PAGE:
Jane Goodall addresses the issue of limited resources from the perspective of ecological footprints. This is an amazing tool for popularisation. We're all aware that all human activity consumes resources and produces waste. Since 2003, the Global Footprint Network has quite accurately been calculating our global ecological footprint and comparing it to the Earth's biocapacity. The ecological footprint represents the area everyone on the planet needs to produce everything they consume and to absorb everything that they discharge, directly or indirectly. This area is distributed across the globe (depending on where our products come from). It includes land, forest (for wood and emitted carbon sequestration), sea and built-up areas. In contrast, biocapacity is the actual capacity of a particular area to create organic matter that can be used by humans or to absorb what they emit. When we compare the ecological footprint (what we need) and biocapacity (what is actually available), it becomes clear that we’re living well beyond our means. In the 2021 edition, we saw that at global level, we were consuming 1.75 times more than what the Earth could actually produce. If everyone lived like a European, we would need 2.5 Earths, and even 4 Earths if we all lived like Belgians. On the other hand, if we all lived like Indians, it would be the opposite case, half of Earth's capacity would be enough to meet our needs! In other words, by 29th July 2021, we had already used up all of the resources that the Earth can regenerate in an entire year. This Overshoot Day is calculated every year and we’re seeing that, as every year goes by, this day is coming increasingly earlier...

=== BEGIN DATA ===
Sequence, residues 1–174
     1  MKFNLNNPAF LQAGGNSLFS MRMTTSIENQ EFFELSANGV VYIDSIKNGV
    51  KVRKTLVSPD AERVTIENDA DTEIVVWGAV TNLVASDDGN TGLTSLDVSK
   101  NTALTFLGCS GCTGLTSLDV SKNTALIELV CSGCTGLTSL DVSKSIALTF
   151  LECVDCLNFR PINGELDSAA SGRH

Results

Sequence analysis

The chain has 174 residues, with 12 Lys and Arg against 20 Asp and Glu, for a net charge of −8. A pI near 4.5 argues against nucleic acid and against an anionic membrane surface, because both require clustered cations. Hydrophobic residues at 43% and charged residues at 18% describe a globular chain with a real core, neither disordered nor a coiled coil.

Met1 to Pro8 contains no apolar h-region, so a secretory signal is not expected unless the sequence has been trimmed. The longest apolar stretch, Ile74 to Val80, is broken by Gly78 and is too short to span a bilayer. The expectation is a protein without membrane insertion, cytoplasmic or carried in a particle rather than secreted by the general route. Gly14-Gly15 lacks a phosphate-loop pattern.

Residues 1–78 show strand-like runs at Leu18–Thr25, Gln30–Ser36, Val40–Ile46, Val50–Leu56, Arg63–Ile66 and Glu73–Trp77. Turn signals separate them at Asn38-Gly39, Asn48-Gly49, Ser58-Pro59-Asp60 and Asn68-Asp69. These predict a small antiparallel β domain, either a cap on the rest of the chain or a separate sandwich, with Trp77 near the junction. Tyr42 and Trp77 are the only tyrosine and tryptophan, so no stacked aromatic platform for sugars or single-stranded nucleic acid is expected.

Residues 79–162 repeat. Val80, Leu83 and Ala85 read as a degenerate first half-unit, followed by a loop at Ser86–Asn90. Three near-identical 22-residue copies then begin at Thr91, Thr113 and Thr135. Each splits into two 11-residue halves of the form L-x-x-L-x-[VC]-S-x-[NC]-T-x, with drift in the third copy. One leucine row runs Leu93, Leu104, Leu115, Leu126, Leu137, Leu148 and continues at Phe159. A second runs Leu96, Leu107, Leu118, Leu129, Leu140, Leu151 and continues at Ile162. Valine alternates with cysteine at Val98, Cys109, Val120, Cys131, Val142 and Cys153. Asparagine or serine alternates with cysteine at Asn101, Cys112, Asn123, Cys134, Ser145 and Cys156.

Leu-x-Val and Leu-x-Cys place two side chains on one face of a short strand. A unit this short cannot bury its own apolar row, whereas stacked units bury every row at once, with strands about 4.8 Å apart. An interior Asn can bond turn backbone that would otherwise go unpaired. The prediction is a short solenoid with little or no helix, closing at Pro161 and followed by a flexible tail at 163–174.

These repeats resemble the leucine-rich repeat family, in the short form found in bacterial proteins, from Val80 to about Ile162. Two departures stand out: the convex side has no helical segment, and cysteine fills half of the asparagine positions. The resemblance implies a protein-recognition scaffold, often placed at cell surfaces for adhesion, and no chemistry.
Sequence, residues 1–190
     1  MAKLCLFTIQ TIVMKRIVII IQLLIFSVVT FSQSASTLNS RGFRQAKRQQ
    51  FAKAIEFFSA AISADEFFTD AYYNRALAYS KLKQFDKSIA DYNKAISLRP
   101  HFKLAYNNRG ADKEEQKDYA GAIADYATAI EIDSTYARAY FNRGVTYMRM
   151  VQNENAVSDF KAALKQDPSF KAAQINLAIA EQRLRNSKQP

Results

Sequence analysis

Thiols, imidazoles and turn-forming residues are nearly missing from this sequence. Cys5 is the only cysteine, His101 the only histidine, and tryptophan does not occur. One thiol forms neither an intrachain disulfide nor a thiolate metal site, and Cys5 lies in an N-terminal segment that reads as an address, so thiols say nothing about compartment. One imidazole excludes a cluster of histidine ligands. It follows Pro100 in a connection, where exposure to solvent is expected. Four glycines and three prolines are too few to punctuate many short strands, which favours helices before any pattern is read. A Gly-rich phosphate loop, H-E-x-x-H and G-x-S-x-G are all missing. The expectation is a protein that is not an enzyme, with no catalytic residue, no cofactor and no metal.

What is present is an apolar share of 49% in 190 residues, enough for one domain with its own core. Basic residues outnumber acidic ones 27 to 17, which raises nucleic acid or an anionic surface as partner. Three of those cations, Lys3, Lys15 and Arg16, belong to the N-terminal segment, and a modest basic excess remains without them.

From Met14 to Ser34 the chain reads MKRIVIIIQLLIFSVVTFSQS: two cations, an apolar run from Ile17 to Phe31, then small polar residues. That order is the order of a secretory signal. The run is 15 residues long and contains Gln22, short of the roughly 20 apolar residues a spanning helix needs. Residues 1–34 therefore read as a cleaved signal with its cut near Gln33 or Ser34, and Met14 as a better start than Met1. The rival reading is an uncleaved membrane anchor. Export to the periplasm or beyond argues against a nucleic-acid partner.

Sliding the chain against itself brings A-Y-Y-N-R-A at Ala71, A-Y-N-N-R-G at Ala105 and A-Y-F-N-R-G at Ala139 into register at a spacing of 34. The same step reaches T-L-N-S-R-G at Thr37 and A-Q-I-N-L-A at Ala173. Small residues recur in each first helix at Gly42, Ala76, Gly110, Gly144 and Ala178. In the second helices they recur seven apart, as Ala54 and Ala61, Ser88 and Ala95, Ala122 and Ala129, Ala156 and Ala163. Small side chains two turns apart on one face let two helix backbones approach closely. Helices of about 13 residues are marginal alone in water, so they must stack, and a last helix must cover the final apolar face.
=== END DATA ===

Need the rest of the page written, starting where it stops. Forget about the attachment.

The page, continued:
With this exceedance of our limits in mind, Jane Goodall draws our attention to our decline in wisdom and our trans-generational duty . She makes reference to some indigenous peoples who would make decisions only after assessing the impact on no fewer than 7 future generations, whereas today, choices are only made in the short term, or at the end of an electoral cycle typically lasting a few years. Led by an ethical principle of justice, she emphasises “the rights of future generations” which aim to protect the human family and other non-human beings.

When will happiness come into it ?